Hand surgeon Ryan Zimmerman, MD answers your questions about fingertip injuries.
What are fingertips made of?
Fingertips have several parts, all with special purposes. At the core is the bone, called the distal phalanx, which provides support and shape to the end of the finger. On the top and bottom of the bone are tendons that attach to the bone and make it move. On the top rests the nail, supported by the specialized nail bed skin just below. The rest of the fingertip is covered by skin that has lots of nerves, which give fingertips their sensitivity.
Are fingertip injuries common? How do they happen?
Fingertips are one of the most commonly injured body parts, and injuries can happen lots of different ways. Two common ways are cuts, such as from a knife, or crush injuries, such as getting caught in a car door or under a heavy object.
How are fingertip injuries treated?
Each injury is different, and the treatment depends on the parts of the fingertip that are injured. Many injuries, especially those that injure only skin, are treated with bandages and time, allowing natural healing to occur. Injuries to the nail or nailbed are often treated with a surgery to repair the nailbed. Injuries that involve the bone, tendons or complete loss of the fingertip are sometimes treated with more involved surgery that can involve fixing the injured parts or even moving pieces of skin to cover the injured area. Some fingertip injuries are bad enough that the fingertip cannot be saved, and the finger has to be shortened. This is called an amputation.
What is recovery like? How long does it take? Do injured fingertips look and work like normal once they heal?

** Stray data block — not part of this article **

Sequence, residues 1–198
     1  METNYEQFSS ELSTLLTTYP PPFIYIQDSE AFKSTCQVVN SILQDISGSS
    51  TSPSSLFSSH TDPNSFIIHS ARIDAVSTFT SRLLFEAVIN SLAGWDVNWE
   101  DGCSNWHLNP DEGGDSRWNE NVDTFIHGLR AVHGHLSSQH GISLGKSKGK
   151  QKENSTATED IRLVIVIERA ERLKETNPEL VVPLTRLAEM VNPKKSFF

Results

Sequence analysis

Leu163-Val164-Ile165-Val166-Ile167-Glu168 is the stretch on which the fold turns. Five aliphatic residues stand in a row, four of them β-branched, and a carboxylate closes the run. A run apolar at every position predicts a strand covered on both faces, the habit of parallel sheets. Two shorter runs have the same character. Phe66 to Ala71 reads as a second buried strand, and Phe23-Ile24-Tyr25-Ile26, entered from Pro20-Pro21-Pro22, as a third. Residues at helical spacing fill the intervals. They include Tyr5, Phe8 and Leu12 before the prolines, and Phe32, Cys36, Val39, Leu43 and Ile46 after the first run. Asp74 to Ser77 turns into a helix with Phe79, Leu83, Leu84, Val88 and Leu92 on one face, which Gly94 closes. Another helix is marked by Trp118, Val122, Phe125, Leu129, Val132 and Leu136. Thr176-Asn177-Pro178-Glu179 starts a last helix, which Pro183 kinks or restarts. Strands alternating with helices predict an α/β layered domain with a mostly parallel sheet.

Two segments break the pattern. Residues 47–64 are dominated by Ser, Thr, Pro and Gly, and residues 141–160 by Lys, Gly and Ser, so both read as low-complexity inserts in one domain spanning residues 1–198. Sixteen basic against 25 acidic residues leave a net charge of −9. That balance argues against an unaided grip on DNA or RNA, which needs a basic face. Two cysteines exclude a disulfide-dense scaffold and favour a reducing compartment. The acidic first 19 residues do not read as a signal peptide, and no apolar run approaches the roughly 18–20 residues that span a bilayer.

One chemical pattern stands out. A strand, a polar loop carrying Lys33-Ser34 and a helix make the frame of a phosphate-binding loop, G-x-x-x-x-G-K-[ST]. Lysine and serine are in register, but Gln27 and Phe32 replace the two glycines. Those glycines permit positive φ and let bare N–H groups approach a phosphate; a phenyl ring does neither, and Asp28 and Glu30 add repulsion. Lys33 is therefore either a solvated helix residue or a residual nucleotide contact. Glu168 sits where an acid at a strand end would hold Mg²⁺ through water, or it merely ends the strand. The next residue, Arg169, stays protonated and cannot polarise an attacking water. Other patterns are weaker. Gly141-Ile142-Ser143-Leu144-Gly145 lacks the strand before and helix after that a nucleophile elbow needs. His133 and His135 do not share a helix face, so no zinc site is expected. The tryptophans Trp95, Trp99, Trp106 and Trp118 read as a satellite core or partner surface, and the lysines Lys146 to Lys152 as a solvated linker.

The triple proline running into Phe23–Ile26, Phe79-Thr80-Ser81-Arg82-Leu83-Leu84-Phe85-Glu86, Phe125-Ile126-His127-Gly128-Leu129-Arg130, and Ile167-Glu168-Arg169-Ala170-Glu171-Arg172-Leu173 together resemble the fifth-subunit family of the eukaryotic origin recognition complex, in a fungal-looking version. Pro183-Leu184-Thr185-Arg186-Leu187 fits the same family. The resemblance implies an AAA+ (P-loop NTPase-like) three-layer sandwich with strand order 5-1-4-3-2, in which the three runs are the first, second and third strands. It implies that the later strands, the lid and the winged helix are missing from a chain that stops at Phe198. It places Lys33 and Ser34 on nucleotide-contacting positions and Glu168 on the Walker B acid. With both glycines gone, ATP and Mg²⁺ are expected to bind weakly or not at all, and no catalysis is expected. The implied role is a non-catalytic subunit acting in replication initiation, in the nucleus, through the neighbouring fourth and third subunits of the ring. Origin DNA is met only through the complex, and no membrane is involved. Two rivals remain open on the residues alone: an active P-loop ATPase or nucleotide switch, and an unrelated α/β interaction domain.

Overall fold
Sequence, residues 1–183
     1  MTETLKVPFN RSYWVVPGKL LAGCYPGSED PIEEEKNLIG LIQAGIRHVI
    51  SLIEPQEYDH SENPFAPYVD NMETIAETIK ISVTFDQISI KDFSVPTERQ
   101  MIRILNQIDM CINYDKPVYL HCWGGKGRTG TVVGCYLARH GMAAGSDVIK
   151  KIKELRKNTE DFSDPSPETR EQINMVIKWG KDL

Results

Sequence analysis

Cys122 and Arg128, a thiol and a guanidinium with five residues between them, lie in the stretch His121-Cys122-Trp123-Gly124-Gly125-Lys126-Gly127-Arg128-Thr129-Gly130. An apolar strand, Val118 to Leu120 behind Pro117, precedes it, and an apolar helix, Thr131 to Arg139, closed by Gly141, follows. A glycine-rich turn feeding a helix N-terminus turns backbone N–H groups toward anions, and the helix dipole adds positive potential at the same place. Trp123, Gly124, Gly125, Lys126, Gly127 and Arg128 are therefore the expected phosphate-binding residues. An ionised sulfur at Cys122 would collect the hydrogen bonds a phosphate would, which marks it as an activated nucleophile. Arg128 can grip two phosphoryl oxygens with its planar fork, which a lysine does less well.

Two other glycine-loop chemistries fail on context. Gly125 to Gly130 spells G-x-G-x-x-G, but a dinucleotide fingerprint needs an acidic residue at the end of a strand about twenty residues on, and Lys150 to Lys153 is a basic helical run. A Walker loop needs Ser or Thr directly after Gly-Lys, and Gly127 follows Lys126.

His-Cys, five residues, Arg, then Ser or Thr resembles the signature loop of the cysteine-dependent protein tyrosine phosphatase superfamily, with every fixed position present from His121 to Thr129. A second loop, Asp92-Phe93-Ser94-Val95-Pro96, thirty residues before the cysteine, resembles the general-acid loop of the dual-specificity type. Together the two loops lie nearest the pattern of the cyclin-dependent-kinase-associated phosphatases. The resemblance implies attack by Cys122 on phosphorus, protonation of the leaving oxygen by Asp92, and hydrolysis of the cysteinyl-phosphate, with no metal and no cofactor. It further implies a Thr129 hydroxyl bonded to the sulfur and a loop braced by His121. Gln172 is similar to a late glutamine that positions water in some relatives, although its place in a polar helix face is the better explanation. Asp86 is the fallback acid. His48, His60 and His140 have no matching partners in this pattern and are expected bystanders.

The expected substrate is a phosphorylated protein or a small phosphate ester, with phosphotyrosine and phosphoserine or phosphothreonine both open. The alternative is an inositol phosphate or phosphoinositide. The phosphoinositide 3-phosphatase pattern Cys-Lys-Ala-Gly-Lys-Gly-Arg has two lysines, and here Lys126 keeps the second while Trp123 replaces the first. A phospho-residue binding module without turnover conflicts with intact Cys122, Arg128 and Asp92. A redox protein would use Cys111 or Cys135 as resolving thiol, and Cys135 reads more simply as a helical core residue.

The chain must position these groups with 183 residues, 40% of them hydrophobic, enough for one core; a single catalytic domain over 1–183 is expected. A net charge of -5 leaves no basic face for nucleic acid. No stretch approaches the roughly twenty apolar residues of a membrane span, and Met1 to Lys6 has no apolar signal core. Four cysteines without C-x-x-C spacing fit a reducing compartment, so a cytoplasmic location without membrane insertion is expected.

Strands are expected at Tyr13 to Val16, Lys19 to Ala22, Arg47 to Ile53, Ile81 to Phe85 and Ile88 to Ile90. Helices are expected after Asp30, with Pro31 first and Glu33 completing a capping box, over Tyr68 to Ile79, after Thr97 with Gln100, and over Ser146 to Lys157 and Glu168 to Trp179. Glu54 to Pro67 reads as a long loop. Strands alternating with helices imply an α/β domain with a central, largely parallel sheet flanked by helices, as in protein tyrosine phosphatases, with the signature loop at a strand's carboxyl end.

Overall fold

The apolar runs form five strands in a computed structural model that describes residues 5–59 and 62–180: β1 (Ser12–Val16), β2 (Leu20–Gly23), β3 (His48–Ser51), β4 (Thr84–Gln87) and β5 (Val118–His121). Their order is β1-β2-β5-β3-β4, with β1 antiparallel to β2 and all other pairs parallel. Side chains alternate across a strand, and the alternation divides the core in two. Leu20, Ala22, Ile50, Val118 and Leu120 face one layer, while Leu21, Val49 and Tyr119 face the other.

Timing for healing depends on the severity of injury and the type of intervention required to fix it, as well as your health status. For many injuries, it can take 4-6 weeks to be mostly healed, although the last bit of healing can take several more months. Most fingertip injuries heal well, often back to normal or almost normal. There are some exceptions. Injuries that involve the nail or nailbed may cause the nail to fall off or look abnormal for 6 months or more. Sometimes, the nail never returns to normal and looks different permanently. Injuries that involve the bone can lead to permanent stiffness, where the fingertip does not bend all the way like it did before. One common persistent problem with fingertips, especially after crush injuries, is they can be very sensitive to cold temperatures.
I’ve had a fingertip injury. What should I do?
Your first step is usually to go to a nearby emergency room or urgent care center. Then, if needed, you may require the assistance of a hand surgeon. One way to find a hand surgeon in your area is via www.HandCare.org from the American Society for Surgery of the Hand.
Ryan Zimmerman, MD is a Hand, Shoulder and Elbow Surgeon and Greater Chesapeake Hand to Shoulder and the Curtis National Hand Center.